SOUTH BOSTON (CBS) -- Though the weather was cold, the route was shortened, and the days leading up to it were mired in controversy, the annual St. Patrick's Day Parade moved through the streets of South Boston Sunday afternoon.
The parade was led by little Devin Suau, a Framingham boy who is battling a rare form of cancer.
Devin's family is raising awareness about his disease through the hashtag #WhyNotDevin. Suau rode atop a large police vehicle at the head of the parade.
Massachusetts Governor Charlie Baker, his wife Lauren and Boston Mayor Marty Walsh handled the ceremonial head of the parade duties.
Despite the controversy after they were banned from and then reinstated in the parade, LGBTQ veterans' group OutVets were received with loud cheers as they carried American, military, and rainbow flags.
"This has been fantastic," OutVets head Brian Bishop told WBZ NewsRadio 1030's Karyn Regal. "The reception, as you can hear--I don't know how much of it is more of kegs and eggs this morning, or if people are just happy--but we're just glad to be here. Now, we've got a new day, which is fantastic."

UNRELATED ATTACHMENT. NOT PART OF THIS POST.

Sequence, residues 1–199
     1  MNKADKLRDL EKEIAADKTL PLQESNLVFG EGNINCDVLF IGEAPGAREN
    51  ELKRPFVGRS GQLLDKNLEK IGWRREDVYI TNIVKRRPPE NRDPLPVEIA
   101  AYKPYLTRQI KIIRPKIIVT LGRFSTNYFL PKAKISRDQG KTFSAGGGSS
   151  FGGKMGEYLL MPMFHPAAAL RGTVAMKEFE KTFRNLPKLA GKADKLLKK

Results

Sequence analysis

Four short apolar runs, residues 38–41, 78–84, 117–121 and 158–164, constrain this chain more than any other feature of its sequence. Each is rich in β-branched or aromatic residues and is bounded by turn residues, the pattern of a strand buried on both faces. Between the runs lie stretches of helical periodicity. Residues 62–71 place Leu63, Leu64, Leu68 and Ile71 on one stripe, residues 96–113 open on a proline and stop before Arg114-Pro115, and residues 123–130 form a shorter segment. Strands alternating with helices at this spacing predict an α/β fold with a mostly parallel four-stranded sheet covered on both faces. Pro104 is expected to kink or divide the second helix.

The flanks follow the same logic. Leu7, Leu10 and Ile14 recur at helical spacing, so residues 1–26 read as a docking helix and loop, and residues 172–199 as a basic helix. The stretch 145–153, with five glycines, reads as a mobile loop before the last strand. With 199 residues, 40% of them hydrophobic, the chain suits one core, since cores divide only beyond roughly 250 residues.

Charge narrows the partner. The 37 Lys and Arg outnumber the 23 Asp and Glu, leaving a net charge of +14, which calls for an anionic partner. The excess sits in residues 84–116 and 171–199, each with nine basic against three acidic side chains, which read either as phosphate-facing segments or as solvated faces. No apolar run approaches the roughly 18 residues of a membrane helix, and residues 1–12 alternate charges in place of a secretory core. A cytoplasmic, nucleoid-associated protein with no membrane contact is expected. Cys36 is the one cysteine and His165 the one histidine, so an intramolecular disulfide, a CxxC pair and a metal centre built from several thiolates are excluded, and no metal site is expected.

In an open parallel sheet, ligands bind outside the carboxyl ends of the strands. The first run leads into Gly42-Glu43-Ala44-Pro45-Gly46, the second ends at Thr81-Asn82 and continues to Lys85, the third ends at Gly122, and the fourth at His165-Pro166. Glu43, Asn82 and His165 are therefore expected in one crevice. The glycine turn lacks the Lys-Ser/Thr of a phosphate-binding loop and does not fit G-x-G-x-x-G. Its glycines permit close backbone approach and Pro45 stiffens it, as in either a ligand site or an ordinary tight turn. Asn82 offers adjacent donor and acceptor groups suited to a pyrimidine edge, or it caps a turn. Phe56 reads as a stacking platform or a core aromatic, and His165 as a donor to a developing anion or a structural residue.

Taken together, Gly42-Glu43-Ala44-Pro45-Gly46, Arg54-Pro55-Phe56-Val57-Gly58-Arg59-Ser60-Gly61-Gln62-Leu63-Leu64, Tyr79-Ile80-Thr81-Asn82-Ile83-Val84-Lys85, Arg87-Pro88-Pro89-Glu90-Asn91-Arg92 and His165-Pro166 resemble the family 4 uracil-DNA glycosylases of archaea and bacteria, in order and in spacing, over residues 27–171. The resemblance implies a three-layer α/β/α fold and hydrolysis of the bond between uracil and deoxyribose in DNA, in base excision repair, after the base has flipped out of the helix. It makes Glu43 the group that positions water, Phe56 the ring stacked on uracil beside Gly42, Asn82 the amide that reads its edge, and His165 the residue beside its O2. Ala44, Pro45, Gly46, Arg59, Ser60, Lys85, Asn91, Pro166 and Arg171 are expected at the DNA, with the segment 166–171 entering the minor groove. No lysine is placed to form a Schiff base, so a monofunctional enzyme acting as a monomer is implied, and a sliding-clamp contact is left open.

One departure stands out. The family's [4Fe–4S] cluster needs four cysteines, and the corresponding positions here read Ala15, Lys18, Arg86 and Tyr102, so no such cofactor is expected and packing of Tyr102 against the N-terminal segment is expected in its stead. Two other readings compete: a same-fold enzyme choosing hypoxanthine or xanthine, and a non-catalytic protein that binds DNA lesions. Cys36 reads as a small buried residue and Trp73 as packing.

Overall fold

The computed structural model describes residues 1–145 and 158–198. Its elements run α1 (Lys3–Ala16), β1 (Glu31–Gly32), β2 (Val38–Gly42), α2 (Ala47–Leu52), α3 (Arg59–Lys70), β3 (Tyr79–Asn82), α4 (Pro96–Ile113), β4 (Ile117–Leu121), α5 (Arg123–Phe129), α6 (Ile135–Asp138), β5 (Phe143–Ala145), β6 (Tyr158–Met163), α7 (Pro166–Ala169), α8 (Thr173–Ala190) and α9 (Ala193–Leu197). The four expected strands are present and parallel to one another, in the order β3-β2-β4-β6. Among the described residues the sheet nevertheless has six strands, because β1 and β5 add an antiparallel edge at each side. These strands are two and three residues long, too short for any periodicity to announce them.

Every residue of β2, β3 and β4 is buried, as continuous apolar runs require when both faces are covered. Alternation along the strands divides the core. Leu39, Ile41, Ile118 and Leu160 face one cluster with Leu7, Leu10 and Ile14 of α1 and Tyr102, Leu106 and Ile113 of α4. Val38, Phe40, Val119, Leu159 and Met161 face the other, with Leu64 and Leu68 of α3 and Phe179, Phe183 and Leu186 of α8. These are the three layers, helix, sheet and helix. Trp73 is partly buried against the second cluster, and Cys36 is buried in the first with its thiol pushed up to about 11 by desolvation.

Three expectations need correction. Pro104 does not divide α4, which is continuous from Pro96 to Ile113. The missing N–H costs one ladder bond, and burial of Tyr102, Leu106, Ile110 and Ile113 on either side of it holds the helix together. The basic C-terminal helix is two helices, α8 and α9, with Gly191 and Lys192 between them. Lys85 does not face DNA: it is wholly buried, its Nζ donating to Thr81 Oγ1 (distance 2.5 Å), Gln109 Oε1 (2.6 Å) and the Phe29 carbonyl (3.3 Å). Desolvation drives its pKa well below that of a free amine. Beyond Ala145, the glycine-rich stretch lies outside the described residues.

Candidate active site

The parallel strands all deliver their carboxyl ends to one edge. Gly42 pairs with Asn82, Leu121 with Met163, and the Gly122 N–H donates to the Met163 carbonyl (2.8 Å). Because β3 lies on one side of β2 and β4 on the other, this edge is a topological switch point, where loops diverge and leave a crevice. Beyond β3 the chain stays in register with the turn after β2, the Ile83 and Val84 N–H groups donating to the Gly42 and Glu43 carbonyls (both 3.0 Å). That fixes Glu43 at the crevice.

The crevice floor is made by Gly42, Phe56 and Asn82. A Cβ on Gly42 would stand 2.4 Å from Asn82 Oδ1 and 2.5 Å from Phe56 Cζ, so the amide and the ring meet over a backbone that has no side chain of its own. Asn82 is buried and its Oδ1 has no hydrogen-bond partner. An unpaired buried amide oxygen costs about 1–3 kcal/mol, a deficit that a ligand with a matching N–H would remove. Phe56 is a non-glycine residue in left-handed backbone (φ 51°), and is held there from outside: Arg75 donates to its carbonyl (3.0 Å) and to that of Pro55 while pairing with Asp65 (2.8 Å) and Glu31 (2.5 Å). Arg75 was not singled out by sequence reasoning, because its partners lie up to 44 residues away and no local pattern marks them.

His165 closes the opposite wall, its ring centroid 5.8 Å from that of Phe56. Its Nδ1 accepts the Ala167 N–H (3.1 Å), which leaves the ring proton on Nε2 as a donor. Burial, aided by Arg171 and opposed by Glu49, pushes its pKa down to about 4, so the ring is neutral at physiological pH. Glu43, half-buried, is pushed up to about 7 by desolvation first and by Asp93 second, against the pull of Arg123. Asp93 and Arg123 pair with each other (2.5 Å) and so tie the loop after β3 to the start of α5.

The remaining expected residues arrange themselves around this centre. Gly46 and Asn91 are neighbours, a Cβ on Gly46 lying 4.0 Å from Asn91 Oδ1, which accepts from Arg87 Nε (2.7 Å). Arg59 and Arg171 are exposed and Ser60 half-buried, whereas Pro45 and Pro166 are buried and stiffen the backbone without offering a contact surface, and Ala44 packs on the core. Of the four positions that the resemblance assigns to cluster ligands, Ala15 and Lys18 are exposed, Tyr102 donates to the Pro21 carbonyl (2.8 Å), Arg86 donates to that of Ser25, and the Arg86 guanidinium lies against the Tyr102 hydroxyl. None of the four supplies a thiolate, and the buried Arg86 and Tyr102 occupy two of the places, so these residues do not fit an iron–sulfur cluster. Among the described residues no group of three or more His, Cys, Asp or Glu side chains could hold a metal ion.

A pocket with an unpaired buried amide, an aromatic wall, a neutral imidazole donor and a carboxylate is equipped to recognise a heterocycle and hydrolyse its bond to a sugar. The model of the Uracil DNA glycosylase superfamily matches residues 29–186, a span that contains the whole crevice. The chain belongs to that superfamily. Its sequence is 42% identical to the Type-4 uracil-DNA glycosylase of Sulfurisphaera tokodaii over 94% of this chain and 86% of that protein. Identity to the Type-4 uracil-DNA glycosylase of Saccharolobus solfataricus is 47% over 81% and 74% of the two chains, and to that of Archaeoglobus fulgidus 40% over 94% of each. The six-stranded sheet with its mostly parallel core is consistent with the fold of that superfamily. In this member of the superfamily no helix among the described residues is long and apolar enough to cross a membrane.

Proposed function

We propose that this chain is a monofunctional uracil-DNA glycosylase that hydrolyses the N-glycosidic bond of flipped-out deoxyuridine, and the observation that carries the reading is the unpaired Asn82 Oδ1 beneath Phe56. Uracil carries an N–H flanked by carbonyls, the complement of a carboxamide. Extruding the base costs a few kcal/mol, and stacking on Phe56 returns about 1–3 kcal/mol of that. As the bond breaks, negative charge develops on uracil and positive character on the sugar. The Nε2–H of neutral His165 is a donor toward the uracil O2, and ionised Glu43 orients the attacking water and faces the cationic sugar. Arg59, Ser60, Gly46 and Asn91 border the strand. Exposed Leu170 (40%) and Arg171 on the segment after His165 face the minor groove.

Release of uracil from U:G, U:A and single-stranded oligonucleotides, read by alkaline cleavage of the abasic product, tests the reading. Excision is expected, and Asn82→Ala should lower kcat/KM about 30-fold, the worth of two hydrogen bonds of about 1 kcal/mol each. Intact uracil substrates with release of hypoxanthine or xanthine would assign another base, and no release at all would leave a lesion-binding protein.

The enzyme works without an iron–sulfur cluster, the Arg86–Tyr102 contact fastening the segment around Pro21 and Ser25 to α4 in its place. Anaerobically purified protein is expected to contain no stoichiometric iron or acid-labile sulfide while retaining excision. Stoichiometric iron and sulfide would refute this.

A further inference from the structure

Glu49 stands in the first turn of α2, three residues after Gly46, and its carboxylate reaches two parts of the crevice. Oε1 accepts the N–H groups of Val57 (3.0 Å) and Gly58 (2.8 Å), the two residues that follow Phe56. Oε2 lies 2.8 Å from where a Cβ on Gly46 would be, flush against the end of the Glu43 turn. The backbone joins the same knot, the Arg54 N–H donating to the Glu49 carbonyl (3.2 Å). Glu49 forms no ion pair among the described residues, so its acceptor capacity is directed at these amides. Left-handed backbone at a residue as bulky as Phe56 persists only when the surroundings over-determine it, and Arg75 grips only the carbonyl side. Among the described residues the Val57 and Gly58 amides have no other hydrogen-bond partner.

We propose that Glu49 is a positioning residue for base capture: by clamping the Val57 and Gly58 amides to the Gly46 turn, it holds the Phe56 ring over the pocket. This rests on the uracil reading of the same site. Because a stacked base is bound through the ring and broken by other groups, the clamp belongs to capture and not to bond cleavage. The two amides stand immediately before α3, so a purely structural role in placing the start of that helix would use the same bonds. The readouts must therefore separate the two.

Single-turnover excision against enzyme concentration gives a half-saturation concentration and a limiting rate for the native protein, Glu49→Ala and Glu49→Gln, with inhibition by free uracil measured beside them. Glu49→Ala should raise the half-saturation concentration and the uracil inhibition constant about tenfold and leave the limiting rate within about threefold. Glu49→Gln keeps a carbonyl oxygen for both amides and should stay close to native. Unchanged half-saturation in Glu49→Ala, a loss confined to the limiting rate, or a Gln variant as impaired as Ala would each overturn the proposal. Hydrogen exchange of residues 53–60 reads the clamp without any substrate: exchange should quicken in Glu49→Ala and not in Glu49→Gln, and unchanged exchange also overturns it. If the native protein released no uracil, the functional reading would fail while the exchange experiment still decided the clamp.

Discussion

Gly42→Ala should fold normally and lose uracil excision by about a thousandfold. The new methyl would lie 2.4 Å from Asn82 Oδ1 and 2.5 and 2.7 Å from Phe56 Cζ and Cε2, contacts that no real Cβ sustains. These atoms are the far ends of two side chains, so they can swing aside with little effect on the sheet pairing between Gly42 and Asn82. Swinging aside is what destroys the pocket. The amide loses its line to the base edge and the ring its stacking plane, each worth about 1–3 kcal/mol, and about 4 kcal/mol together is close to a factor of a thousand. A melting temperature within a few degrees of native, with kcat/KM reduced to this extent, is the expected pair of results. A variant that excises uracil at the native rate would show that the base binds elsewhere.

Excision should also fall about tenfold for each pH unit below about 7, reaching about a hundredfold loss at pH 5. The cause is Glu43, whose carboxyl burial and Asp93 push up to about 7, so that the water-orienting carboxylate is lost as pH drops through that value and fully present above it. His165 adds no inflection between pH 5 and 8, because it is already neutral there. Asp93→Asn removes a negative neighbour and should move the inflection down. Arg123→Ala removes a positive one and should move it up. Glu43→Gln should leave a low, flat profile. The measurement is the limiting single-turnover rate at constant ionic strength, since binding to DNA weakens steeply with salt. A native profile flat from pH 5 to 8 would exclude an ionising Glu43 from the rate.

Army veteran Debbie Drew marched holding the group's banner. She is a new member--very new.
"I didn't know this group existed until the controversy, and then I was like, oh that's my group! And I joined," said Drew. "Like, on Tuesday I joined."
"To be able to think about the men and women who served this country under adverse conditions, not only on the battlefield, but also from a social justice standpoint, this is just amazing for us," Bishop added.
Those who attended the parade were in the spirit of the day.
"This day is huge for the culture. You know, we're all from Boston. We're all Irish. We're all growing up here. It's a great time," a young man told WBZ.
WBZ NewsRadio 1030's Karyn Regal reports
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